In September, PLF took on the City of San Juan Capistrano, Calif., by filing a federal free speech lawsuit challenging the city’s ban on displaying for-sale signs in cars. Our client, Michael Cefali, was fined fined for parking his car in front of his home with a for-sale sign–and, after some research, determined that hundreds of others had been hit with similar fines by the city in recent years. This month, we dismissed that case in victory because the city responded to the litigation by quickly and fully repealing the speech ban.
The case is another example of work being done by PLF’s Liberty Clinic program at the Dale E. Fowler School of Law at Chapman University, in Orange, Calif. Michael Cefali is a recent graduate of Chapman and a former student in the clinic. He knew from class that laws like San Juan Capistrano’s were unconstitutional. The First Amendment protects all kinds of speech, including the right of individuals to use an ordinary sign to tell the public that their car is for sale. In fact, free enterprise depends on the legal protection of commercial messages, like advertising. But the City ignored his letter pointing out that fact–and Michael became incensed that the City would continue to raise substantial revenue by ticketing others under an unconstitutional law.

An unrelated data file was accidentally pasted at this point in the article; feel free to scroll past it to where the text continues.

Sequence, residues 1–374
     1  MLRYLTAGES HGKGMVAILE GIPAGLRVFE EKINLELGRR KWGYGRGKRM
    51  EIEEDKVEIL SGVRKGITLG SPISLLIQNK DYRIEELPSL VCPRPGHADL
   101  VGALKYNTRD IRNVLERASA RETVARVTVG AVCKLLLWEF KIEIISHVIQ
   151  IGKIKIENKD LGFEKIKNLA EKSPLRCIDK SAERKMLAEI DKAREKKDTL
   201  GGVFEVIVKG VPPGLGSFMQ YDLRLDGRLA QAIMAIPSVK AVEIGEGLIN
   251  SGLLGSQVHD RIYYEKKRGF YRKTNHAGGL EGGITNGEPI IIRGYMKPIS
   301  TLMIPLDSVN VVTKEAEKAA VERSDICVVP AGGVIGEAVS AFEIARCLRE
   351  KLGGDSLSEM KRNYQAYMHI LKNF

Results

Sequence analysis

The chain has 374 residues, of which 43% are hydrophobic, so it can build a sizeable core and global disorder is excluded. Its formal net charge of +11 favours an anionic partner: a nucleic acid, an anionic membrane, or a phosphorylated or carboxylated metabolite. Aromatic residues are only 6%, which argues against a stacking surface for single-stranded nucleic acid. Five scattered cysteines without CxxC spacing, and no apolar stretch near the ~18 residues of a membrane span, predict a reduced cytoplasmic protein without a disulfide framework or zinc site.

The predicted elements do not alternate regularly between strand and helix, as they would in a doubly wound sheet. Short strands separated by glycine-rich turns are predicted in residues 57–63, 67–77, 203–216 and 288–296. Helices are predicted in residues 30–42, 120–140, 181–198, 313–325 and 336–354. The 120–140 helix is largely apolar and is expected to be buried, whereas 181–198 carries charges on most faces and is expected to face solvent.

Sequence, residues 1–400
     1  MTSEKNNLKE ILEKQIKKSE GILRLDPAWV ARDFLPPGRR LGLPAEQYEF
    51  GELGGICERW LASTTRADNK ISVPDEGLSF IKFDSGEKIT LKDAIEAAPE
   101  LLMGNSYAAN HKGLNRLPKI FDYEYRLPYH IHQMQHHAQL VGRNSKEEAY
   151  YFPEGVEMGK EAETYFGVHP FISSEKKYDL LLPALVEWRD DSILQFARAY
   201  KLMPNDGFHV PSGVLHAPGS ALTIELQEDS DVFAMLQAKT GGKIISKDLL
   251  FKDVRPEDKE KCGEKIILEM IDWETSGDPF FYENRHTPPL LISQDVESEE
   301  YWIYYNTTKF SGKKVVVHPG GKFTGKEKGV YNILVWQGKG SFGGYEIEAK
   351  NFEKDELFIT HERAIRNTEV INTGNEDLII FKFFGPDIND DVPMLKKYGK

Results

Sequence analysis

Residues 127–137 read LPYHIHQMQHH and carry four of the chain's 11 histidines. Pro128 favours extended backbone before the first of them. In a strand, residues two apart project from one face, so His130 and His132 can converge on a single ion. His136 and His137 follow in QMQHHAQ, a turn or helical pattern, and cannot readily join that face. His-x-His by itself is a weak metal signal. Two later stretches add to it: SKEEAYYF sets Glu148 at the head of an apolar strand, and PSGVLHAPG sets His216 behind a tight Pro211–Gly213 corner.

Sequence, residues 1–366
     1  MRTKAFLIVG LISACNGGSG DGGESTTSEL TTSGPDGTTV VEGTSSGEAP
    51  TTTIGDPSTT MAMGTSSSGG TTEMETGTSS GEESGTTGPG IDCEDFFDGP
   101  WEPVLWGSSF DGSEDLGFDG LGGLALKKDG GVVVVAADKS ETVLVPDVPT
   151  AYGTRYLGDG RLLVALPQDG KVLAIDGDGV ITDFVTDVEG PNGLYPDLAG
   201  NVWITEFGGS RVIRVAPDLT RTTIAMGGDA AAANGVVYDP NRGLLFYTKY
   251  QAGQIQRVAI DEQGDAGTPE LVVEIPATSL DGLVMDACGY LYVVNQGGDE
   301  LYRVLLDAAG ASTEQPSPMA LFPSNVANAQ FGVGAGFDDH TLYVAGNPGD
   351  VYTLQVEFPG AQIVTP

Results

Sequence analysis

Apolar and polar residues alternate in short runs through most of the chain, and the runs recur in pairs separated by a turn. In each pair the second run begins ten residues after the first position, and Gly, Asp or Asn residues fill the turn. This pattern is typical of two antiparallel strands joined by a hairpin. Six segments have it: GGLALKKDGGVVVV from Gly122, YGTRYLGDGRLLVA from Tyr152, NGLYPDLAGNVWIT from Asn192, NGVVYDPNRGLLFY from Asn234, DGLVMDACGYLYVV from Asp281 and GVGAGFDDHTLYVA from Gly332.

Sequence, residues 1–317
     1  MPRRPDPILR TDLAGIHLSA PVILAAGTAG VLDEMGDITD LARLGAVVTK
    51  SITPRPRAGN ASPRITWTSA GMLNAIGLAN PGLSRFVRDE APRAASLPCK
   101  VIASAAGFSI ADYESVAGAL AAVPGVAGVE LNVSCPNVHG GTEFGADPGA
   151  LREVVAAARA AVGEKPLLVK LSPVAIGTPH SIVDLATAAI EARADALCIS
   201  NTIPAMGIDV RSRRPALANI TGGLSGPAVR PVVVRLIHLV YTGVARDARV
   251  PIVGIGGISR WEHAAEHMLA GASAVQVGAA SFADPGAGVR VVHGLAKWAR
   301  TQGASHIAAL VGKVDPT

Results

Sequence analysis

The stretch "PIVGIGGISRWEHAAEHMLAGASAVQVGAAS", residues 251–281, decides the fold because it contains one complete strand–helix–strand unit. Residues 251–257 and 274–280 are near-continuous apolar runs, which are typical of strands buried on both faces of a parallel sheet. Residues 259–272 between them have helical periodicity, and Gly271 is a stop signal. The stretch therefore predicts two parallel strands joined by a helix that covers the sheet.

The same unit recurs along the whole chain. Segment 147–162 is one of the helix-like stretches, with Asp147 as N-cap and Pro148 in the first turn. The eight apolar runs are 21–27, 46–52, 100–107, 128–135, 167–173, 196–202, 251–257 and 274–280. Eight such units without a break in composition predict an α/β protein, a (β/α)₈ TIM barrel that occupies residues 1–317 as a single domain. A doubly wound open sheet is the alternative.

He returned to the clinic to seek help in challenging the Ordinance. The case became the subject of several clinic classes, and current student Christina Vier took the lead on drafting discovery documents and conducting research in preparation for summary judgment. The city’s fast retreat made the further litigation unnecessary.